If there is one thing that distinguishes videogames from other media forms surely it is their interactivity.
What it quite means to be a ‘player’, or what constitutes the distinctive ‘play position’, has never been more complicated, contested and confusing - so much so that it need not involve touching a controller at all, far less becoming an accomplished performer.
We see players learning from one another as they observe technique, and shifting between playing and spectating as they take turns sharing gameplay one level or life at a time.
Spectate! Recording, Streaming and Watching Videogames explores the phenomenon of videogame spectatorship and presents a historically-grounded case for a reconsideration of our conceptualisation and approaches to videogame play.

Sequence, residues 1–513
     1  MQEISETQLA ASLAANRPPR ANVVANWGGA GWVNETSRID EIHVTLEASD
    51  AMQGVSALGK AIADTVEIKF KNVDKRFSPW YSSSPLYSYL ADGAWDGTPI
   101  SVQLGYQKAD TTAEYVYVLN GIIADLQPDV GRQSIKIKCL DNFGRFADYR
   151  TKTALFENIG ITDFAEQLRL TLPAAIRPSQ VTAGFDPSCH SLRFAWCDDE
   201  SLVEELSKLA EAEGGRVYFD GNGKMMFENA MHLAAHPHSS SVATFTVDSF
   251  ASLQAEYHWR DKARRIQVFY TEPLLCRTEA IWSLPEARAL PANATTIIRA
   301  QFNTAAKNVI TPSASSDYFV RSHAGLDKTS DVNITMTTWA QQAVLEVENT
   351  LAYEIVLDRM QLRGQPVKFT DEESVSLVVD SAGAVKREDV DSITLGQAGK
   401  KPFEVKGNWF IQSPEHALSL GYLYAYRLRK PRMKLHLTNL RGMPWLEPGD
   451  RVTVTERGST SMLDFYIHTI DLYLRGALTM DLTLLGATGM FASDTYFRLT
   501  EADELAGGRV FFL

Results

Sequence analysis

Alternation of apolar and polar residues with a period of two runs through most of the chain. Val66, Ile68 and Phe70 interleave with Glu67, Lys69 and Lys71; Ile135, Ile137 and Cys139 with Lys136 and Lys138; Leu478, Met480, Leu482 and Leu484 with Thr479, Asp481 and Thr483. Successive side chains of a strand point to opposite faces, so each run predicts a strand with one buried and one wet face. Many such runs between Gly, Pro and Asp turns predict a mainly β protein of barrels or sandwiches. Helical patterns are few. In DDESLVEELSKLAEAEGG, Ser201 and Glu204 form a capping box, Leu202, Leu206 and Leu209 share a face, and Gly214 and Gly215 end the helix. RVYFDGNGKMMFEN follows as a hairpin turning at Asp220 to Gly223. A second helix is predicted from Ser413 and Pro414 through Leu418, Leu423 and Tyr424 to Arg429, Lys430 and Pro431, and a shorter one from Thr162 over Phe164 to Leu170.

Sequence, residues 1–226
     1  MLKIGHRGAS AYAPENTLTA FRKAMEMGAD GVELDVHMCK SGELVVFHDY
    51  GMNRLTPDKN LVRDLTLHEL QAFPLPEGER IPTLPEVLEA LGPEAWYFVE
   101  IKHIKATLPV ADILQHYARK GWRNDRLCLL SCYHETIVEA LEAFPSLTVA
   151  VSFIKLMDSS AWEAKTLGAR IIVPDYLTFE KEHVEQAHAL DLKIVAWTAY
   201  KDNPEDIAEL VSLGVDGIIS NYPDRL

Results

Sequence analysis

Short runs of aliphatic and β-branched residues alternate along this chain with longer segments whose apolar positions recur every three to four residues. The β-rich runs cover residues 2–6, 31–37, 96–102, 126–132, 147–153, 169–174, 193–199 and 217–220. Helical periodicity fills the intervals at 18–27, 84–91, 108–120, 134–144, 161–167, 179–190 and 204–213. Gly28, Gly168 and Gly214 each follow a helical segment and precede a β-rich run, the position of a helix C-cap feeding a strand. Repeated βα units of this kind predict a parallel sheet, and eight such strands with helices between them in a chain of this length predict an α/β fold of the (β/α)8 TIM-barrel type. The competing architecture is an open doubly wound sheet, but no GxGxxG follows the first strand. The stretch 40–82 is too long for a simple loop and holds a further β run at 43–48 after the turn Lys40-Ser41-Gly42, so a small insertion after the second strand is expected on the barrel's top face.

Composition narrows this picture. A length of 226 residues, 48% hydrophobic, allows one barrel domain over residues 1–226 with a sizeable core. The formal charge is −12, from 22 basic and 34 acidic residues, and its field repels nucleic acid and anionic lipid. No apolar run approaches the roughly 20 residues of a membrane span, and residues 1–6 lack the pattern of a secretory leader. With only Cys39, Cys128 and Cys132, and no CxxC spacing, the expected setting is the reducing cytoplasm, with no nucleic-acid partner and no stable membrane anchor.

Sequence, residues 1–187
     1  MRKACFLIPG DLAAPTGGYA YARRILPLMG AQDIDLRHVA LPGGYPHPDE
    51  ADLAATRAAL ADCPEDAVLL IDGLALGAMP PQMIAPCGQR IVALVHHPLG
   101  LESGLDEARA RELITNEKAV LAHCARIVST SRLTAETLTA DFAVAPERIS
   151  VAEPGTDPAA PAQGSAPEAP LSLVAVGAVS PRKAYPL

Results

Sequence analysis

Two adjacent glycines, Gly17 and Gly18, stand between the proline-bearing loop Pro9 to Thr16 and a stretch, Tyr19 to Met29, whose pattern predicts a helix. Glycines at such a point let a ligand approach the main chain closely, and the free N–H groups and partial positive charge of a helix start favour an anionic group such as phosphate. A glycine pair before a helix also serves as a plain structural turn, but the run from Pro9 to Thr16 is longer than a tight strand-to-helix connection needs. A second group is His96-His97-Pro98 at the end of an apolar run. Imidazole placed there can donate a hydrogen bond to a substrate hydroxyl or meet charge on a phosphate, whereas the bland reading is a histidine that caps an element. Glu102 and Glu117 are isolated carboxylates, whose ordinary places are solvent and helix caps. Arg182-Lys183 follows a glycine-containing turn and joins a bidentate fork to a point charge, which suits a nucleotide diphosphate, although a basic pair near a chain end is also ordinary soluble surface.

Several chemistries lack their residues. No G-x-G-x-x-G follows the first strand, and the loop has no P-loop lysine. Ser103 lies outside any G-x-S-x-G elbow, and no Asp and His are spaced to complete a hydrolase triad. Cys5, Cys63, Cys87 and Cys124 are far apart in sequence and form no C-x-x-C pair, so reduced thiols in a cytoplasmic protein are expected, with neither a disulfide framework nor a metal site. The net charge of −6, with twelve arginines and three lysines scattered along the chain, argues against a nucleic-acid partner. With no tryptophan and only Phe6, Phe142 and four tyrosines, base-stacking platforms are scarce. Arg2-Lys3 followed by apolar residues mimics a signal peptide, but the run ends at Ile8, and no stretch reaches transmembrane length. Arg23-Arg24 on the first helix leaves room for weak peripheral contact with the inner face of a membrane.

Renowned games scholar James Newman covers player activities, how platforms enable spectating in interesting ways, and how spectating helps play a role in archiving and preserving game history.
Recognising that the playability of a videogame is a temporary state, Newman argues that spectatorship is not merely a viable alternative to first hand play but that it might offer insights into the nuance and variety of possible playings impossible to attain in any other way. Newman’s analysis for understanding how games have been integrated into the landscape of new media will become required reading.
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